20 years of raiding!
Please note that his article belongs to a series in celebration of the forthcoming 20th anniversary of Tomb Raider.
By now we know that Lara goes to Siberia in pursuit of the lost city of Kitezh (Russian: Ки́теж) However, did you know that the actual Lake Svetloyar where the city is supposedly located is not in Siberia but western Russia? It is not a BIG deal, for it is obvious the writers and researchers are taking artistic license with the legend. It has a lot of tangible elements mixed with caprice, and I love that appeal. It is another thing that makes Tomb Raider a favourite game.
In this video, Lara mentions the city being under a glacier instead of the lake.
The legend Steeped in Russian Religious Folklore
This commentary above from Rise of the Tomb Raider is something to listen to as well as read and is well done in naming the actual lake where the legend of the sunken, ancient city of Kitezh disappeared under the engulfing waters. Legend tells this occurred before the eyes of Batu Khan and company. According to legend, there was a big Kitezh (Bolshoy Kitezh) and a small Kitezh (Maly Kitezh). The smaller town located on the Volga river was not as spectacular as its larger counterpart along nearby Lake Svetloyar.
It was when Batu Khan learned about the majesty of Kitzeh that he ventured forward on a search for the noteworthy paradise. However, he didn’t intend to shake the inhabitants’ hands for creating such a legendary town. He wanted to own it as he and his hordes had caused destruction throughout the Russian lands already, and he’d planned on gaining Kitezh as another conquest.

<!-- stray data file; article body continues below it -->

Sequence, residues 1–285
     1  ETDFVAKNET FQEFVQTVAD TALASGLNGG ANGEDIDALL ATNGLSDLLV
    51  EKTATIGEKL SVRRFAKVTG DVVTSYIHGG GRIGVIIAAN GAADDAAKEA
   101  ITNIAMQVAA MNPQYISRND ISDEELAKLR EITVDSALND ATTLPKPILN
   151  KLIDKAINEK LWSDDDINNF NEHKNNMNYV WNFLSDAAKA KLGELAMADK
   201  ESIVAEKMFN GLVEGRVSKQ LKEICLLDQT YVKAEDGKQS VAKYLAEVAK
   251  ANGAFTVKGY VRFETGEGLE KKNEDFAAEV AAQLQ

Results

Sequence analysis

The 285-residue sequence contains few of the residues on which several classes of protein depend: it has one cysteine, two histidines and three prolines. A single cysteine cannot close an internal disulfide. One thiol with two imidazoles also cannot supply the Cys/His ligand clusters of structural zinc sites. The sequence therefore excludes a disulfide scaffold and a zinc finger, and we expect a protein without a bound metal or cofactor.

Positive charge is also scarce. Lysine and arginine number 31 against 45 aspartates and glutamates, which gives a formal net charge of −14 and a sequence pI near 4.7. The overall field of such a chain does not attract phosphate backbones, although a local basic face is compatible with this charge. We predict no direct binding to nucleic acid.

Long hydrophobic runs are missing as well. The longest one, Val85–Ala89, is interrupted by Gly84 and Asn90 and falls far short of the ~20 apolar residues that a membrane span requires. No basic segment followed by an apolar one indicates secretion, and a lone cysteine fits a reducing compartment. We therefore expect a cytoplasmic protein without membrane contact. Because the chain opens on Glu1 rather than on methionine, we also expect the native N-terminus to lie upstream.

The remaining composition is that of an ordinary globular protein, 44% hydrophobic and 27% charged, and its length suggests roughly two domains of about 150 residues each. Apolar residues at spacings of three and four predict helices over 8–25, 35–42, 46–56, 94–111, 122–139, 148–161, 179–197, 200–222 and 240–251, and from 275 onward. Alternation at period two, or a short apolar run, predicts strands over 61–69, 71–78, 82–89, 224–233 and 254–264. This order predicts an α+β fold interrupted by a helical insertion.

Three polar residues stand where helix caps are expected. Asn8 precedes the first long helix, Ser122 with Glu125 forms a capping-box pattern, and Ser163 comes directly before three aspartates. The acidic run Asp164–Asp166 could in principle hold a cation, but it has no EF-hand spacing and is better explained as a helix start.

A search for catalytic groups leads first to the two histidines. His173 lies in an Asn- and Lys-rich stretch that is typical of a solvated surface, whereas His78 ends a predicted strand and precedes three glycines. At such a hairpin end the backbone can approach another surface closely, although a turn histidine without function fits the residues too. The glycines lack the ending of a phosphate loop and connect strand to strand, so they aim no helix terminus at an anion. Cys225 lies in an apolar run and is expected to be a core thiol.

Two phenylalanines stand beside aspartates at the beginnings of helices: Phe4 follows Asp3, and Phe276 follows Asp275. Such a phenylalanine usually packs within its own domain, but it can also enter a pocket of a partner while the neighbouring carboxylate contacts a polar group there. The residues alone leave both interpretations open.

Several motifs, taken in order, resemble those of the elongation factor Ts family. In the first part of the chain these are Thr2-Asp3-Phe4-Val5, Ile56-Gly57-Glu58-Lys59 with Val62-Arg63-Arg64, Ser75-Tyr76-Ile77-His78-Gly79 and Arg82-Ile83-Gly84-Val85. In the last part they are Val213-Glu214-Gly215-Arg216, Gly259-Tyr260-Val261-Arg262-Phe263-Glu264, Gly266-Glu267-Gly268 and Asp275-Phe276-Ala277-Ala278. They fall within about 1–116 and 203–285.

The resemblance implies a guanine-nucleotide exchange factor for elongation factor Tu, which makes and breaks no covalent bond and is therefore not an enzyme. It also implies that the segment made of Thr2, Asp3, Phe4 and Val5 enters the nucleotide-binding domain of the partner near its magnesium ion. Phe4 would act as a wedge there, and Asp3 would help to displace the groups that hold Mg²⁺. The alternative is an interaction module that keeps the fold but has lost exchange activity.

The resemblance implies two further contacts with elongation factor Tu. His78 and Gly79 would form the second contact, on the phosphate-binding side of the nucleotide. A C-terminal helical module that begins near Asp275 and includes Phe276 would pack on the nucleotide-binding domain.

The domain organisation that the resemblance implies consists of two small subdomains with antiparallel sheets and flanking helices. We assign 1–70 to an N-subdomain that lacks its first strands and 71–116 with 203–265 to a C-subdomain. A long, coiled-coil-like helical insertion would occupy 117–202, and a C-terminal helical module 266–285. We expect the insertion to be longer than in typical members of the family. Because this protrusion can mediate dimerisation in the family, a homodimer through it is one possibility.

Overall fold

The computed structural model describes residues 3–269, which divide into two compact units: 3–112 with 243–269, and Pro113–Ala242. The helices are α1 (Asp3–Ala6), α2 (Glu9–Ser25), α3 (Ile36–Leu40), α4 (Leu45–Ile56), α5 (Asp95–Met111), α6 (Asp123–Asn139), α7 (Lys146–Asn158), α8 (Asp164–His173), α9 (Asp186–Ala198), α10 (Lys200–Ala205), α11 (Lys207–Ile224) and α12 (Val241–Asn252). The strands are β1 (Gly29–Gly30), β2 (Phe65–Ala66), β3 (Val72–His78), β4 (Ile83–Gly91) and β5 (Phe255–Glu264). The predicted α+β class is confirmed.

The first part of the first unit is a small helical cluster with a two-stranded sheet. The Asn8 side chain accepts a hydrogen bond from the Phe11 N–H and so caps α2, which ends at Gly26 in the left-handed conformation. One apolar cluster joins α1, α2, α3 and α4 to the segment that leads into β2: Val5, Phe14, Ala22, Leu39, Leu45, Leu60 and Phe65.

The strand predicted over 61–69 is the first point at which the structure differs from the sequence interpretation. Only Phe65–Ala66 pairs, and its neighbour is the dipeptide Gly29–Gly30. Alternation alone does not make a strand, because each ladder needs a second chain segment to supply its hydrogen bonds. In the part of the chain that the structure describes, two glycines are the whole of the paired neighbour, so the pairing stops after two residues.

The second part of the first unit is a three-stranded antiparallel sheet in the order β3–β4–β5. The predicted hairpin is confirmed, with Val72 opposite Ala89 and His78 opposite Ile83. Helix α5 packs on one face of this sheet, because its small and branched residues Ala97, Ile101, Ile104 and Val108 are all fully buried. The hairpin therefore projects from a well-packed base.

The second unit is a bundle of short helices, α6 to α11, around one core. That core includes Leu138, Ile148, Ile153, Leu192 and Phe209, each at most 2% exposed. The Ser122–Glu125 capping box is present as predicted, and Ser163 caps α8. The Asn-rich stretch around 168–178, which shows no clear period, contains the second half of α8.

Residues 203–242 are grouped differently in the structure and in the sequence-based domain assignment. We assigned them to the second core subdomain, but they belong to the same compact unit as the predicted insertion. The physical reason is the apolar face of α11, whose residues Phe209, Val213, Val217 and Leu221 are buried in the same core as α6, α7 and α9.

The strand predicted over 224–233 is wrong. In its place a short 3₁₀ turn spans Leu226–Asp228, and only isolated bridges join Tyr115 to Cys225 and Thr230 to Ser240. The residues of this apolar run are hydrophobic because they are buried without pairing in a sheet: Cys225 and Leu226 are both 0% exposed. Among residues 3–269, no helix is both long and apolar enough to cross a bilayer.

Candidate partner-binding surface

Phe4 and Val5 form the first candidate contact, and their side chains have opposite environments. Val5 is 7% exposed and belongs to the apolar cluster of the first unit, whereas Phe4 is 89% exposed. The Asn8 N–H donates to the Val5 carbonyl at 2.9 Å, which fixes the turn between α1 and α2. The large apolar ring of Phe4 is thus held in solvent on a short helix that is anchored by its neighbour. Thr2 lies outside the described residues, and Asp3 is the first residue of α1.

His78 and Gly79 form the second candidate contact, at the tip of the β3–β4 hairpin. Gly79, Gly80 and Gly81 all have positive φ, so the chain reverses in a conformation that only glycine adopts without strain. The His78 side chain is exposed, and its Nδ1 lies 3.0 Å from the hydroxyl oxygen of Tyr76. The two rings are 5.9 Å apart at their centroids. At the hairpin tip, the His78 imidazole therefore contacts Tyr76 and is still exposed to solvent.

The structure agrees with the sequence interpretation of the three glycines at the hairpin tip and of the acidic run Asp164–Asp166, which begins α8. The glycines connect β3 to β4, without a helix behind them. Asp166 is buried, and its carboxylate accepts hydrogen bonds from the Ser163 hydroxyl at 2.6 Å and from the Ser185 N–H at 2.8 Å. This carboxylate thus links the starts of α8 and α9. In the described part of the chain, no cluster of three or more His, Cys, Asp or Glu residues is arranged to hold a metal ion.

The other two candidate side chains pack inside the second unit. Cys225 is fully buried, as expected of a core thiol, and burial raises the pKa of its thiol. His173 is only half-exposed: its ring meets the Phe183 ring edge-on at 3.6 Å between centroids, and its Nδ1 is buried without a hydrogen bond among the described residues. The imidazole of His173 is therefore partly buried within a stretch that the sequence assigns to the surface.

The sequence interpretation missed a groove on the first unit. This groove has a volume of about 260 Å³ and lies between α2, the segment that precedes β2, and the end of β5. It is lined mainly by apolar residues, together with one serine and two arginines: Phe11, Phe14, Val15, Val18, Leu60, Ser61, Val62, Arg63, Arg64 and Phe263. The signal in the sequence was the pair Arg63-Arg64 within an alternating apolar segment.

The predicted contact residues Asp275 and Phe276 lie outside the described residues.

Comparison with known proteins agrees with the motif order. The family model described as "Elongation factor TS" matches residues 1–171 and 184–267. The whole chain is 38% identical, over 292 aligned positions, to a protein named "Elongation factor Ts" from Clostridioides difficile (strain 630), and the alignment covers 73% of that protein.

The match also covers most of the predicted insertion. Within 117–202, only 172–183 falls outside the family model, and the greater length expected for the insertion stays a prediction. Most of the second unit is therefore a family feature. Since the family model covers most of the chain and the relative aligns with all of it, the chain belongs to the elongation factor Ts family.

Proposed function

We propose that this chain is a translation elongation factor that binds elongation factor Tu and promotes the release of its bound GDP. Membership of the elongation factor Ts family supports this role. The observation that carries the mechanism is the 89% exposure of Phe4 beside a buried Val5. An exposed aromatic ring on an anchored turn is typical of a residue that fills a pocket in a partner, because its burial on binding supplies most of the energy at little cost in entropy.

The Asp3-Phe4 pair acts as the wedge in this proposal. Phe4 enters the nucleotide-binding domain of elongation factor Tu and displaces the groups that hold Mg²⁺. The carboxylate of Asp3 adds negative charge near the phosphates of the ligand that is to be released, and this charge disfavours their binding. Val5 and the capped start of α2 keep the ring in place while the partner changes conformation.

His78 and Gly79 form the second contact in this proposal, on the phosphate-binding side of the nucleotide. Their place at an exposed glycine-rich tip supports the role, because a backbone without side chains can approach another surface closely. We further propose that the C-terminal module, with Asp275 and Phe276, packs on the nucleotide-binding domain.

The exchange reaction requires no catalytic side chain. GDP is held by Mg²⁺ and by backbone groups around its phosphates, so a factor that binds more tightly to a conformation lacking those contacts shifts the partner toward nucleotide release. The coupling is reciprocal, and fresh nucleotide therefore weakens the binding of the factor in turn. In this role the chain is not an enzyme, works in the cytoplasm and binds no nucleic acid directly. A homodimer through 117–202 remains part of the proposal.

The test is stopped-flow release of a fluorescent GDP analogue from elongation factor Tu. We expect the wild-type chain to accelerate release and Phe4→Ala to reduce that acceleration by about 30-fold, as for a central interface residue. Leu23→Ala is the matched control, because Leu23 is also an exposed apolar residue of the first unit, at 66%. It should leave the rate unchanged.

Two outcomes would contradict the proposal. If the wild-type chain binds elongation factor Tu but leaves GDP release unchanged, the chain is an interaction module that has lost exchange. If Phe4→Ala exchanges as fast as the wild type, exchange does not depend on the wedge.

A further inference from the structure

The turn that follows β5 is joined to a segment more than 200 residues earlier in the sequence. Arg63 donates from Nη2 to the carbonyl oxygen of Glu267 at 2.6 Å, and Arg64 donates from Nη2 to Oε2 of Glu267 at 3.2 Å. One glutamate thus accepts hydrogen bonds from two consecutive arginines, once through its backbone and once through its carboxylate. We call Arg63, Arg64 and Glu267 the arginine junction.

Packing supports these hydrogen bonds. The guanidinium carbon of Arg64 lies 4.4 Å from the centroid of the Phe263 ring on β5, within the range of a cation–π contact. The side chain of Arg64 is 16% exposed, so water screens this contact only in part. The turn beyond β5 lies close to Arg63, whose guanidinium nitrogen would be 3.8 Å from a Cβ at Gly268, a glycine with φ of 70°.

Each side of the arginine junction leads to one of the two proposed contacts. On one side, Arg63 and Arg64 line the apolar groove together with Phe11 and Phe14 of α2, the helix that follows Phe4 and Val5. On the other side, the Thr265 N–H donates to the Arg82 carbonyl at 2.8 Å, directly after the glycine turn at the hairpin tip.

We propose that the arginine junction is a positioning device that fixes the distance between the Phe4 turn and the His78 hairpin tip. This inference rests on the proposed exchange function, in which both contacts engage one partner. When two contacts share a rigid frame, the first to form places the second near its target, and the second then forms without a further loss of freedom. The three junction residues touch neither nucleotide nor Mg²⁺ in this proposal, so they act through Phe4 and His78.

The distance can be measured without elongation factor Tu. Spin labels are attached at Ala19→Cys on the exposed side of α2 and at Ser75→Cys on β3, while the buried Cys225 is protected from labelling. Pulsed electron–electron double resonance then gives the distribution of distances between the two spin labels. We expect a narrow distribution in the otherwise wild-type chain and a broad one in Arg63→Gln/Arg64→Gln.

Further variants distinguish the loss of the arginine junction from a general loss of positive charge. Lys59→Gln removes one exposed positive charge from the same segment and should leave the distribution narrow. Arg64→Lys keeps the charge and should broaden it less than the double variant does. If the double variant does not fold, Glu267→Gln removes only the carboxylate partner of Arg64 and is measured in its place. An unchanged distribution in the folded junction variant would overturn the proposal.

When dear Batu Khan and his hordes reached the fabled town, they found no fortifications. No guards, artillery nothing for defence. Figuring this invasion should be a cake walk; they marched on through the gates and soon found the townsfolk praying passionately for protection. Unexpectantly, water began to spout up from around the town from Lake Svetloyar and the Kitezh sunk to the bottom.
The fable says the people still live there in the holy town of Kitzeh and on a clear, calm day you can hear singing from the many people below as well as church bells ringing. It is also said that only the pure in heart may visit Kitzeh and gaze upon its beauty. According to popular belief, the sound of the people under the water accompanied by music and bells drove some crazy. Who knows for legends are subject to altering over time.
An interesting note: The road to Lake Svetloyar is still called “Батыева тропа”, or the Path of Batu
About Lake Svetloyar
Located in Western Russia near the Volga River, Lake Svetloyer has long been the center of legends. It has a striking shape that is nearly perfectly oval, and its unique form stands out among the local terrain.
It is a broad speculation among scientists of how the unusual lake formed. The thinking ranges from an earthquake to a primitive meteorite forming the crater that the present day lake resides.
The local populace of the Nizhny Novgorod region is certain that the legend of the lost city dates back to the earliest of times. However, the first mention of the fabled Kitezh in the contemporary period wasn’t until the 1780’s with the death of Prince Georgy Vsevolodovich under the walls of Kitezh. His death became outlined in a publication known as: “The Kitezh Chronicle” written by Old Believers. This fascinating book states that the City of Kitezh was founded by Prince Georgy. The Chronicle additionally mentions small Kitezh as well as its larger counterpart being destroyed.